The developer behind a new remote access trojan (RAT) has moved to legitimise the app after security researchers claimed it was designed to steal passwords from the popular game Minecraft.
The current iteration of the Java RAT (jRAT) was designed to work on Windows machines but could be later designed to operate on Mac and Linux platforms.
Intego blogger Lisa Myers first reported on jRat last month which she found sniffing out Minecraft credentials.
She pointed out it was capable of performing denial of service attacks, stealing passwords and directing users to websites “likely to perform clickfraud”.
Trend Micro’s anti-virus engines grabbed jRAT from an Australian user, one of two in the world found to have the app.
Threat response engineer Johanne Demetria said in a post that it was more dangerous than Myers reported.
“We noted some JacksBot (jRAT) infection in the wild, indicating that the people behind this multiplatform malware are saving their best tricks for last,” Demetria wrote.
“When it was first reported, it was considered low risk and no actual infection was recorded.
"However, days after the report was released, Trend Micro successfully cleaned two infection counts; one in Australia and one in Malaysia. This indicates that the malware is now being distributed in the wild.”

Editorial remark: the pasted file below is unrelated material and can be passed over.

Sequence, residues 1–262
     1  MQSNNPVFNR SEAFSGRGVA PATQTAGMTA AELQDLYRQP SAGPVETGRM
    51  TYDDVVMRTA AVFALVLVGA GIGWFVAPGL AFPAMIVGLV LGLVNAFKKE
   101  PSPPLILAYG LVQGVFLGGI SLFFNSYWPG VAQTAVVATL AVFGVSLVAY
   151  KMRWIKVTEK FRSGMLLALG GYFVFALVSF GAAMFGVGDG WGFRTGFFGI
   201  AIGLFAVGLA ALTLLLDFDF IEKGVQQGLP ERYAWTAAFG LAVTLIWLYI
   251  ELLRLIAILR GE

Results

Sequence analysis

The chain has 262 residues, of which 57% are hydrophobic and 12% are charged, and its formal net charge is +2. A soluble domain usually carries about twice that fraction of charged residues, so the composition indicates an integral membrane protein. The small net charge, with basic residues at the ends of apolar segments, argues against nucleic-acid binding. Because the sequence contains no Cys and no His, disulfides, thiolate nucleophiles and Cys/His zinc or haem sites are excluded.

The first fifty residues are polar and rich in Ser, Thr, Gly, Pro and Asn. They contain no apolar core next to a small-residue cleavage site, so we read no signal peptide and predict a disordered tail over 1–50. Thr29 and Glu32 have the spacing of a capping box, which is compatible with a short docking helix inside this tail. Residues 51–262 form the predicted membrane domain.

The jRAT developer, using the handle Redpois0n, responded by claiming the application was not intended to be malicious.
Redpois0n published two applications — a reverse engineering tool which could extract jRAT servers from the app and a remover which would remove jRAT installations.
Redpois0n also stripped out the denial of service functionality and forced the tool to be visible when installed.
“This was made for controlling your own machines from distance, and I personally use it to transfer files from my laptop to my main computer,” Redpois0n said in a since deleted post.
“About the ‘denial of service attacks’, those features will be hidden or removed because you have pointed out they can be used for exactly that.
“About visiting remote URLs, is only a simple open website(s) on remote machine feature, nothing related to clickfraud.”
The move to legitimise jRat follows similar work by coder Jean-Pierre Lesuer who also last month stripped shady features from the popular DarkComet RAT.
Like jRAT, DarkComet was designed as a tool to help users access their remote machines, but it was also a favourite of criminals and was reportedly used in Syria to spy on activists.
DarkComet was stripped of the ability to configure a stub to target a computer and install silently, and of functions to “hijack the software and to commit illegal actions”, Lesuer wrote.
Copyright © SC Magazine, Australia
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